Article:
"When you go home to the States, please tell everyone you know that we as a people want peace. It is only political leaders that want war. When people start killing each other that is bad. Every human wants the same thing: to have a safe home and education for their children and to be able to live in peace. All people want this. Tell this to everyone you know"
My husband and this gentleman exchanged words of solidarity and peace among all humans. We promised that we would tell his message to everyone we could from that day forward. We have done this.
He had said all he wanted to say, so he began to go back about his business. As he started to walk away my husband called to him, "Sir? Are You Muslim?" "Yes." The man smiled. "You are Christian?" "Yes." We responded. "One God." The men said almost in unison.
My husband and I finished our bread and continued our walk through the city talking about the encounter. It remains one of our favorite memories. It confirmed to me everything I ever knew since I was very young. People exist on the earth in great variety and it is easy to appreciate each other's differences and learn our similarities when we stop and have a visit. It is when we make assumptions about each other that we are suspicious and full of fear.
How can you encourage this appreciation of all cultures in your home? Let me tell you what I did with my own children who did not grow up with the advantages of travel or having people of the world appear at their dining table.
Place a map of the world in a prominent place at your child's eye level. Put a red dot where you live and then mark other places that are significant to your family. Mark where other family members live, where your family traces their heritage, or places you dream of visiting. Discuss what languages are spoken in those places as well as the food eaten, the music, or the climate. Begin the conversations that help your children imagine how people who seem different are actually very like us.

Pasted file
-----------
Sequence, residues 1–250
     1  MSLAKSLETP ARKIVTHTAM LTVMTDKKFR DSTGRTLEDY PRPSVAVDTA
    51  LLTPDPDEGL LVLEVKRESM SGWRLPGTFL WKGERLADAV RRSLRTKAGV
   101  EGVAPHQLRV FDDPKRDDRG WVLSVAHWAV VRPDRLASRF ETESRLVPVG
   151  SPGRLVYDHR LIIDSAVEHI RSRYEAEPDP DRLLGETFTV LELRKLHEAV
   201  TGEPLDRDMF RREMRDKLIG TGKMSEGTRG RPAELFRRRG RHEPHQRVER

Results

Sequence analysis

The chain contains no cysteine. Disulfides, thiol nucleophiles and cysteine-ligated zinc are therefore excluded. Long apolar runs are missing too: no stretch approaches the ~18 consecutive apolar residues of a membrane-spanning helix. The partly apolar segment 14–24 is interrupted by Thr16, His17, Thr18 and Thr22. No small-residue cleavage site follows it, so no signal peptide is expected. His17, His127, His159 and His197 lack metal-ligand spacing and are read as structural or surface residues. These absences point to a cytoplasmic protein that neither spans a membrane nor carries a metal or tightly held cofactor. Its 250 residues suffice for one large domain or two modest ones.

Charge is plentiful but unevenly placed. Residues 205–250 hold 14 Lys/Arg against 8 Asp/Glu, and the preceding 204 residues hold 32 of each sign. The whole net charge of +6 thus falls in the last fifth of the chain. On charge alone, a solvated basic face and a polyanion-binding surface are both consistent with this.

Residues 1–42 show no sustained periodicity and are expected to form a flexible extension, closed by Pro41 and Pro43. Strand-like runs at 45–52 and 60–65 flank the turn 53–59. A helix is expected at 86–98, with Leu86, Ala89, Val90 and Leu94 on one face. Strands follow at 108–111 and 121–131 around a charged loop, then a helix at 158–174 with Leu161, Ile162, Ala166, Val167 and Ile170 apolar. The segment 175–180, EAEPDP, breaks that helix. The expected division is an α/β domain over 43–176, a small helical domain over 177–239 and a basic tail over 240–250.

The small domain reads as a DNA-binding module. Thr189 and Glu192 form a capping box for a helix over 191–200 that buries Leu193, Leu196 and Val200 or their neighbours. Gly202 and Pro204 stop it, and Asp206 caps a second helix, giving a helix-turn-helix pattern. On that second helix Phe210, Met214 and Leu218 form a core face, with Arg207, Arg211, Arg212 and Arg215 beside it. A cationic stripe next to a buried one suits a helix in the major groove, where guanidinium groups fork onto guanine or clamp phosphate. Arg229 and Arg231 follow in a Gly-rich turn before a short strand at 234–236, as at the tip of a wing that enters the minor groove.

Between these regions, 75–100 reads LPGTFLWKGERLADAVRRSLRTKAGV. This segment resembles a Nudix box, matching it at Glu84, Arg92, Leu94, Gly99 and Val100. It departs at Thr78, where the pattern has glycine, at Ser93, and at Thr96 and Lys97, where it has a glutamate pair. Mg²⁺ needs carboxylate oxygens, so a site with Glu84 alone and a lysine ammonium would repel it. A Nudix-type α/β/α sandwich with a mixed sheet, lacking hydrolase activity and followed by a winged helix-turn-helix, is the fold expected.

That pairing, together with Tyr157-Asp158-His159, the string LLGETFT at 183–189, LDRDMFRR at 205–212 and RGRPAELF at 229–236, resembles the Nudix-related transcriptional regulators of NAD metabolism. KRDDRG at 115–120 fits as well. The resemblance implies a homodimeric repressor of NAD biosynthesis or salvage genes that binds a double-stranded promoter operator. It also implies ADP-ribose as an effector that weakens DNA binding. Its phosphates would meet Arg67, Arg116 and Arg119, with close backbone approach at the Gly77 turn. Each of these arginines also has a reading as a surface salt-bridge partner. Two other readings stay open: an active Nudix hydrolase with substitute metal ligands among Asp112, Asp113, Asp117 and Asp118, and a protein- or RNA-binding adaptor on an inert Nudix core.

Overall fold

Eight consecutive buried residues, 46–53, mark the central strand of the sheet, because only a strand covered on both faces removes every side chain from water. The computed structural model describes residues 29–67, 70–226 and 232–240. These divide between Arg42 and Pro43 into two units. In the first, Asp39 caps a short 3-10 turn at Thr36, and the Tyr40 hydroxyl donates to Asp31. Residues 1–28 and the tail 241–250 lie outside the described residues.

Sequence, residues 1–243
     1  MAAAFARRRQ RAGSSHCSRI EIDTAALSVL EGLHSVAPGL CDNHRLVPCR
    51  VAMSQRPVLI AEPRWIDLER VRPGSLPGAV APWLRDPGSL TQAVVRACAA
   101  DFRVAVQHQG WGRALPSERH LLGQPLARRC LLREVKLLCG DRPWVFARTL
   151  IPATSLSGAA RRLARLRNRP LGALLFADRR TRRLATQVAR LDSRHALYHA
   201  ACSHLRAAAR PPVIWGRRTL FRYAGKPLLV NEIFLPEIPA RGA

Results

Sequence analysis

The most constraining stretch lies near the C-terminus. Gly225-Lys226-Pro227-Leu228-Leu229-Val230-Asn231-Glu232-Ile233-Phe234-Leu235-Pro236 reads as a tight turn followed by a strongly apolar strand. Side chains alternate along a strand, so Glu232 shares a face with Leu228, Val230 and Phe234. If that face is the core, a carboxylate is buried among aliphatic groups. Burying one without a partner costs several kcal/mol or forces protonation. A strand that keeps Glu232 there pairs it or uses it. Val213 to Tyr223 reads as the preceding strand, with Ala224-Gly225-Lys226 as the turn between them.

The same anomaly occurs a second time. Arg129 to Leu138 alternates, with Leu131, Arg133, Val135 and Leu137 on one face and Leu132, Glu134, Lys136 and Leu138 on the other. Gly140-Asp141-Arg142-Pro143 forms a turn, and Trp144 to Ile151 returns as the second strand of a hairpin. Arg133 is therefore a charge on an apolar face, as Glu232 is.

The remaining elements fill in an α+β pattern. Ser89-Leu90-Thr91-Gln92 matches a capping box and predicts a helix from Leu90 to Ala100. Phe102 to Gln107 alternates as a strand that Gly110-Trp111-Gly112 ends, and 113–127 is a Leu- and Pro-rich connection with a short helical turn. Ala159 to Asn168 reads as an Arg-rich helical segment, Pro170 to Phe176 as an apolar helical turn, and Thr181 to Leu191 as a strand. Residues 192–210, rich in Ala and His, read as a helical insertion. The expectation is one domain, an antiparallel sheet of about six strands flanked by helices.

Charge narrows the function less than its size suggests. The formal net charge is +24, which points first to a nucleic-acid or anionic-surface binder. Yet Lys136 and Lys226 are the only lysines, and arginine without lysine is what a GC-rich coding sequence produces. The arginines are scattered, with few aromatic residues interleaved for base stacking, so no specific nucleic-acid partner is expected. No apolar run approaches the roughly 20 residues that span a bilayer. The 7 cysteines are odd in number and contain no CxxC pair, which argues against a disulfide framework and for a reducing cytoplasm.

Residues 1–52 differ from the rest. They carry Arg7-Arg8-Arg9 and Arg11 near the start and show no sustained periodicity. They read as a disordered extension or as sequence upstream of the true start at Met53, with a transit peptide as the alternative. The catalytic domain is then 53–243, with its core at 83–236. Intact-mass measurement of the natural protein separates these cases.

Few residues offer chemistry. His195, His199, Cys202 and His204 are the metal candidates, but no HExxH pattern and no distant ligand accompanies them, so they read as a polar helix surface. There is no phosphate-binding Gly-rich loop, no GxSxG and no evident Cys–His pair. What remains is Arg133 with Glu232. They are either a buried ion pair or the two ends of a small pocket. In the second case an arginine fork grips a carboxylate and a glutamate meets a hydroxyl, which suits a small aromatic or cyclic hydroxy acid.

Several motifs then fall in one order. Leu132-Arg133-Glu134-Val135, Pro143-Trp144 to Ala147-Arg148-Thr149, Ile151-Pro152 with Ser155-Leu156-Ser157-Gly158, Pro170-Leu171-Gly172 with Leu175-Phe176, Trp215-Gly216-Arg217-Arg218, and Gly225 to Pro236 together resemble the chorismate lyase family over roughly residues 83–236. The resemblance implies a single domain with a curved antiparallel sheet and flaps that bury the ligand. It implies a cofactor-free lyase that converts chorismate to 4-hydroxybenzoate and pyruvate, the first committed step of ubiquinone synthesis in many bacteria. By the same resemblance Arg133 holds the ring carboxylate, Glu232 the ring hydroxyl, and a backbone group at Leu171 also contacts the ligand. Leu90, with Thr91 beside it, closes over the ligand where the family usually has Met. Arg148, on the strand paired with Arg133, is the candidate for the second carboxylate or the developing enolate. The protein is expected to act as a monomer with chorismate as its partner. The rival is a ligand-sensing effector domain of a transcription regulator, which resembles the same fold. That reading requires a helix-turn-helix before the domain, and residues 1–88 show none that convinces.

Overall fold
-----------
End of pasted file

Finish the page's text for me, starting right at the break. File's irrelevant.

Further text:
Obtain picture books of other lands. Prowl through thrift stores for inexpensive books with large photos of the various climates of the earth. Pay special attention to those with indigenous people in them. Ask questions that you have no answers for: What do you think they are having for dinner? What is their favorite thing to do as a family? What game do they like to play? What do they do before they go to sleep?
Watch carefully chosen documentaries about other countries. Watch these with your child, paying close attention to how they respond. Be an interested participant and consider aloud the differences and similarities between the people and climate shown in the video and your own lives. Help your child to see clearly that people around the world are so very much alike and so very different at the same time.
The world and our own communities need more people who love more people. Instill in your child curiosity and hospitality, concern and openness of heart. We are all children of God. Let us love one another.
* Since the 19th century, the Old City of Jerusalem has been defined as the area within the wall built by the Ottoman empire in 1538 CE. This area is divided into four quadrants: The Jewish Quarter, The Christian Quarter, The Muslim Quarter, and The Armenian Quarter. All of these people live and work together in peace. Kindness is shown from neighbor to neighbor. The divisions are merely lines on a map, not in the hearts of the residents.